US7673262May 13, 2008Mar 2, 2010Pdf Solutions, Inc.System and method for product yield prediction
US8296700 *Jun 1, 2010Oct 23, 2012Renesas Electronics CorporationAnalyzing method of semiconductor device, designing method thereof, and design supporting apparatus
US8535550 *Aug 17, 2010Sep 17, 2013Sony CorporationShape simulation apparatus, shape simulation program, semiconductor production apparatus, and semiconductor device production method
US8747685Aug 21, 2013Jun 10, 2014Sony CorporationShape simulation apparatus, shape simulation program, semiconductor production apparatus, and semiconductor device production method
US20100318950 *Jun 1, 2010Dec 16, 2010Renesas Electronics CorporationAnalyzing method of semiconductor device, designing method thereof, and design supporting apparatus
US20110082577 *Aug 17, 2010Apr 7, 2011Sony CorporationShape simulation apparatus, shape simulation program, semiconductor production apparatus, and semiconductor device production method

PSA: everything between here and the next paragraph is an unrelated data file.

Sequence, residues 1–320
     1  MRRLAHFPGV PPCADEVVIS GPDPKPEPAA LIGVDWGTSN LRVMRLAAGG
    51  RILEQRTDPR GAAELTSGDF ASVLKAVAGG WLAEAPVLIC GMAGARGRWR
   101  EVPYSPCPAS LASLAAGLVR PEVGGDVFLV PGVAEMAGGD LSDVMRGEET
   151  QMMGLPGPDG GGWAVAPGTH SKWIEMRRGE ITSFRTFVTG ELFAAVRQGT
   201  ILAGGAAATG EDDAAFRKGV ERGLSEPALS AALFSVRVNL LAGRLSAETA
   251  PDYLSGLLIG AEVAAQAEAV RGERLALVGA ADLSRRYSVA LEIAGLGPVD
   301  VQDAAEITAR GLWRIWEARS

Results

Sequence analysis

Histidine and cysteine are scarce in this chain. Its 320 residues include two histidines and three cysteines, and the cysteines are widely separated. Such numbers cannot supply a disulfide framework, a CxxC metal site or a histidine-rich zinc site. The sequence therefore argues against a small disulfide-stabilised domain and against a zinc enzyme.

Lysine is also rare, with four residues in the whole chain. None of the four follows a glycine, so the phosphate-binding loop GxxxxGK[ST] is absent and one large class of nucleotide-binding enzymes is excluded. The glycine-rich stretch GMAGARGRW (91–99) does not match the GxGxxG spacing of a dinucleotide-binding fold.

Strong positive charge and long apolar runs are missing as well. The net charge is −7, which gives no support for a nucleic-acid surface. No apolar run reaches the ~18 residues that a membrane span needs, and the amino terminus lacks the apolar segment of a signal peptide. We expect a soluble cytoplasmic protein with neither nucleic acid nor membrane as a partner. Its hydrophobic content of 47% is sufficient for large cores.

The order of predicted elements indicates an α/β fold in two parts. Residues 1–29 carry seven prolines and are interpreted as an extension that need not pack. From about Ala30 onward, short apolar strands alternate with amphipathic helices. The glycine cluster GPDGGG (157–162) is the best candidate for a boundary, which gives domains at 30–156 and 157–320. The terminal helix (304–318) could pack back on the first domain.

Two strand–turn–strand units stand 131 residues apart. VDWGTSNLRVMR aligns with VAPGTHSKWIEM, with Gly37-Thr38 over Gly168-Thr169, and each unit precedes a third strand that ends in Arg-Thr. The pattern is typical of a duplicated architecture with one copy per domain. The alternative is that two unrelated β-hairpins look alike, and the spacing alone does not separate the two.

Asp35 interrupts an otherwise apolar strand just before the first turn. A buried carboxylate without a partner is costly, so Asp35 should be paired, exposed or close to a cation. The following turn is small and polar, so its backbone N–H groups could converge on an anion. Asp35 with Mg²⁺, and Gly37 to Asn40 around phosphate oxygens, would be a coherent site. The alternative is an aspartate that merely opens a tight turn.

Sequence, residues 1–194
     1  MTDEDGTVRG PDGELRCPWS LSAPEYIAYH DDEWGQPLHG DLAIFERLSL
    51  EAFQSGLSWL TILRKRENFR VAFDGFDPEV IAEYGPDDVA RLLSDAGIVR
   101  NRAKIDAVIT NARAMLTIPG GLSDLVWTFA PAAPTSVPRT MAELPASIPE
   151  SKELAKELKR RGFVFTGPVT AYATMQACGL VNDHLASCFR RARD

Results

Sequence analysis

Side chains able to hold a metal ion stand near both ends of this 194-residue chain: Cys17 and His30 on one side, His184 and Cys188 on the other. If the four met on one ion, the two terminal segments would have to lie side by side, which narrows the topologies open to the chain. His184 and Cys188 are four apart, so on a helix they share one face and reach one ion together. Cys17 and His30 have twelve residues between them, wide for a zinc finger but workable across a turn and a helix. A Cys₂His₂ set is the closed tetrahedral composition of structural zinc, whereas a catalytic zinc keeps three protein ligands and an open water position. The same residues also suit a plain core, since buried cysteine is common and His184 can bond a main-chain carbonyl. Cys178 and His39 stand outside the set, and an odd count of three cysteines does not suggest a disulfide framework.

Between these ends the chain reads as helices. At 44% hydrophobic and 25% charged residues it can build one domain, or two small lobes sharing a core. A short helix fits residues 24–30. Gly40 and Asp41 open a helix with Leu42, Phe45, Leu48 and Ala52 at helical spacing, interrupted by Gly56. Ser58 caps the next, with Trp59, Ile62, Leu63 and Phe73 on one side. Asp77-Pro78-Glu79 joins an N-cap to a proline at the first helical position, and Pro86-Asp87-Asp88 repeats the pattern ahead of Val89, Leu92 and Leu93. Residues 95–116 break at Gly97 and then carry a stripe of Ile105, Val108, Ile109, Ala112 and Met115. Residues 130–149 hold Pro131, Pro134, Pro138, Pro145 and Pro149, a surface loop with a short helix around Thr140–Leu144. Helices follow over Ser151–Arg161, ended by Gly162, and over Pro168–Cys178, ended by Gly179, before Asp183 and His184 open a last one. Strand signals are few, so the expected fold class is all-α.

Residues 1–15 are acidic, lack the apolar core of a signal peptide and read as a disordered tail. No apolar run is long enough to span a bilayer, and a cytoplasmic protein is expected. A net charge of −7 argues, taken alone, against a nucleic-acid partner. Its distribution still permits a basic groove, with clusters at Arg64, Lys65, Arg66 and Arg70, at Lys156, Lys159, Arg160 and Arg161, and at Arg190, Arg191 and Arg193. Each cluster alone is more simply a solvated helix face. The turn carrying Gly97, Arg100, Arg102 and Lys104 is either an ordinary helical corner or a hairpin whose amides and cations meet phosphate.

EP0825643A2 *Aug 12, 1997Feb 25, 1998Sony CorporationSimulation method for predicting properties of manufactured semiconductor devices
WO1999008306A1 *Jun 10, 1998Feb 18, 1999Advanced Micro Devices IncSemiconductor process compensation utilizing non-uniform ion implantation methodology
Classifications
U.S. Classification716/51
International ClassificationG01R31/26, G06F17/50, H01L21/00, H01L21/22, H01L21/02
Cooperative ClassificationG06F17/5018, G01R31/2648
European ClassificationG06F17/50C2, G01R31/26P
Legal Events
DateCodeEventDescription
May 25, 2004FPExpired due to failure to pay maintenance fee
Effective date: 20040326
Mar 26, 2004LAPSLapse for failure to pay maintenance fees
Oct 15, 2003REMIMaintenance fee reminder mailed
Sep 22, 1999FPAYFee payment
Year of fee payment: 4
Mar 9, 1993ASAssignment
Owner name: MITSUBISHI DENKI KABUSHIKI KAISHA, JAPAN
Free format text: ASSIGNMENT OF ASSIGNORS INTEREST.;ASSIGNOR:FUJINAGA, MASATO;REEL/FRAME:006444/0522
Effective date: 19921113